Researchers have proven for the first time that the polluted air that residents of big cities breathe causes severe damage to a community of bacteria in their gut. And because of changes in the structure and functions of the intestinal microbiota, a person has an increased risk of developing obesity and diabetes, gastrointestinal upsets and other chronic diseases.
The authors of the new work note: when studying the negative effect of polluted air on the body, the main focus is on the health of the respiratory system. So, just because of one toxic substance, the lungs of a healthy person can eventually turn into the “lungs of a smoker.”
However, a number of studies point to other “side effects” of contamination. This includes weight gain and a change in the body’s ability to regulate blood sugar.
It has also been shown that in emergency rooms, people often complain of problems with the gastrointestinal tract in those days when the concentration of pollutants in the air is especially high. There are studies that have shown that young people who are exposed to large amounts of exhaust gases have a greater risk of developing Crohn’s disease.
In a new work, American researchers analyzed fecal samples obtained from 101 residents of Southern California. Their average age was 19.6 years.
Scientists have applied cutting-edge sequencing of the entire genome to determine the composition of the intestinal microbiota of volunteers.
The team also studied data from air monitoring stations located in those areas where the participants lived. Specialists were particularly interested in the concentrations of ozone, nitrogen dioxide, and particulate matter suspended in the air.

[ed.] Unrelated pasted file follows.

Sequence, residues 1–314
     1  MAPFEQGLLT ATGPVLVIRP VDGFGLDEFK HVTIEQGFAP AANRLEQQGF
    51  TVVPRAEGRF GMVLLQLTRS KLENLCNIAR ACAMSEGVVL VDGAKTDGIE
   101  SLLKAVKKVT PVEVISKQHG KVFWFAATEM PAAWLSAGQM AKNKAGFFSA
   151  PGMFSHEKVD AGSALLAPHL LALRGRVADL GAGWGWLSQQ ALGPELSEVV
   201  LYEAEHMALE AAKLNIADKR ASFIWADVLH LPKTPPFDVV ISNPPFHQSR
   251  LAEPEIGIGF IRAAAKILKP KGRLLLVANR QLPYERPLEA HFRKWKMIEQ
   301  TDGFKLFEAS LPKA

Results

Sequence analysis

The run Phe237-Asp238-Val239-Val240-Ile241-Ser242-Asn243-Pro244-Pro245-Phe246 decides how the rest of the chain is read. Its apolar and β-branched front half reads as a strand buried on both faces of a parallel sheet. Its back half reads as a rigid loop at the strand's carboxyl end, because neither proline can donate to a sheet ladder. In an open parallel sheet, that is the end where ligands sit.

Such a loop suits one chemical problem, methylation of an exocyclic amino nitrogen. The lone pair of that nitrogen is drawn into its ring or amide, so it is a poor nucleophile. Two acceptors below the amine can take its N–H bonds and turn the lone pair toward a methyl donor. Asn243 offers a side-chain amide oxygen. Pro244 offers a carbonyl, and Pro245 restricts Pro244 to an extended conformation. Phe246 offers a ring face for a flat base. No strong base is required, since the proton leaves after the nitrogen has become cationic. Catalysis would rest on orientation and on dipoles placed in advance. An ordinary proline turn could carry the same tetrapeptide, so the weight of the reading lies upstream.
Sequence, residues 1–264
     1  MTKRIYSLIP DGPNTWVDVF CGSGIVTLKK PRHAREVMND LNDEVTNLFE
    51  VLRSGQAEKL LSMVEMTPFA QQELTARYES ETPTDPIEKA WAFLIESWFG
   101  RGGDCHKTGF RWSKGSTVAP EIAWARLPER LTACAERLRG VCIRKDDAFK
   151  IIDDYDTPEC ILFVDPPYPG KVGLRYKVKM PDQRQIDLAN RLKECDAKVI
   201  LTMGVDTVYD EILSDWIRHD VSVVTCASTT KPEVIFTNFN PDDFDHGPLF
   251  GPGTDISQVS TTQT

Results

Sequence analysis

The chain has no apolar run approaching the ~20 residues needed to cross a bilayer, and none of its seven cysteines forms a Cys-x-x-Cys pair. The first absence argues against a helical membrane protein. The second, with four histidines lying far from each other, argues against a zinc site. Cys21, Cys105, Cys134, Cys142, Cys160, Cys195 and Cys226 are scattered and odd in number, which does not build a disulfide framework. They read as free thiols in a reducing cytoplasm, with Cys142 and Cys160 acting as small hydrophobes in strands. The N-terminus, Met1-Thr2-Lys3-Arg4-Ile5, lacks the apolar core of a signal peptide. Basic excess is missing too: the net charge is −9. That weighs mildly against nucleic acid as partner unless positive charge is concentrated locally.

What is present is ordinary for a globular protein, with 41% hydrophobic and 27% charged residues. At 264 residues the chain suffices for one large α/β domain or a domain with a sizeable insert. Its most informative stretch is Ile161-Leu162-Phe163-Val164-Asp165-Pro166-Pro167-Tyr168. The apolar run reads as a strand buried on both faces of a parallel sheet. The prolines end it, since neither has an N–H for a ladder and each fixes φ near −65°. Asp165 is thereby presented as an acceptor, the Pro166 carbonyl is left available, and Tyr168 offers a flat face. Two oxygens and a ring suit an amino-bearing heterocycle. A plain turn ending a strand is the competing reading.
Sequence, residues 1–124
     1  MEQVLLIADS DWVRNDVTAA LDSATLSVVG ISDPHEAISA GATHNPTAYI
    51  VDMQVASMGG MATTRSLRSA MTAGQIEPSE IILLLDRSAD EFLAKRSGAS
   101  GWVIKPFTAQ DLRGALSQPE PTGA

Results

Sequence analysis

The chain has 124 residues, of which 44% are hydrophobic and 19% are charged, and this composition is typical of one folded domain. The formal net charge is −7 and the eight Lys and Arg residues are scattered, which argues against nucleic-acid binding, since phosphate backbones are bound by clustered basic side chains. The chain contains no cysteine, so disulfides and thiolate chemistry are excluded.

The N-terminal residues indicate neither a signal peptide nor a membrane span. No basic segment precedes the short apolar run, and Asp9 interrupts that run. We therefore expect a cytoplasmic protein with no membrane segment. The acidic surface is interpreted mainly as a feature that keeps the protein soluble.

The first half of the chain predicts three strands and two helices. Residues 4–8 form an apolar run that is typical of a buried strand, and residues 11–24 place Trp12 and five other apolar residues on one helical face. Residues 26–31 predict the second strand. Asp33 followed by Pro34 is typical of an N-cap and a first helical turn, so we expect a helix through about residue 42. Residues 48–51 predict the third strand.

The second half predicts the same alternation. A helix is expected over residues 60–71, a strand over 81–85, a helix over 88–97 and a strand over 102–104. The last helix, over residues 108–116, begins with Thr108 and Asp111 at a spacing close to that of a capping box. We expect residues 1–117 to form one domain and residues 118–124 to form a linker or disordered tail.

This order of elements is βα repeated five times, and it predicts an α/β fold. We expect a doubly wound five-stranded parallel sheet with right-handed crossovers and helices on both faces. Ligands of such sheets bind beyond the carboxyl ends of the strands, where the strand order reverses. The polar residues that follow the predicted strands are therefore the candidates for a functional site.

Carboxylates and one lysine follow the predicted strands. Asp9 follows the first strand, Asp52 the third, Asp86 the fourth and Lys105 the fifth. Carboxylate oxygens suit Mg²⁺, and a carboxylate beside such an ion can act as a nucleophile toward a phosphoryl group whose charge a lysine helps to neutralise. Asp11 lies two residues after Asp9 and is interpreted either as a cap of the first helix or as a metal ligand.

It turned out that of all pollutants, ozone has the greatest effect on the diversity of microorganisms in the intestine. And this, in turn, can trigger the development of obesity and type 2 diabetes.
In addition, there were more bacteria of the species Bacteroides caecimuris in the intestines of people exposed to the most ozone over the last 24 hours, indicating an increased risk of obesity.
In general, the researchers identified 128 types of bacteria that were affected by an increase in ozone concentration. It is clarified that some of these microorganisms can affect insulin production, others produce metabolites, including fatty acids, which help maintain the integrity of the intestinal barrier and prevent inflammation.
These data were obtained taking into account age, gender, body mass index, diet of participants and other factors.
In the future, specialists intend to verify the data obtained during larger studies, and also to find out whether the effect of polluted air affects the formation of intestinal microbiota during intrauterine development and at a very young age.
A scientific article on the results of new work is presented in the journal Environment International.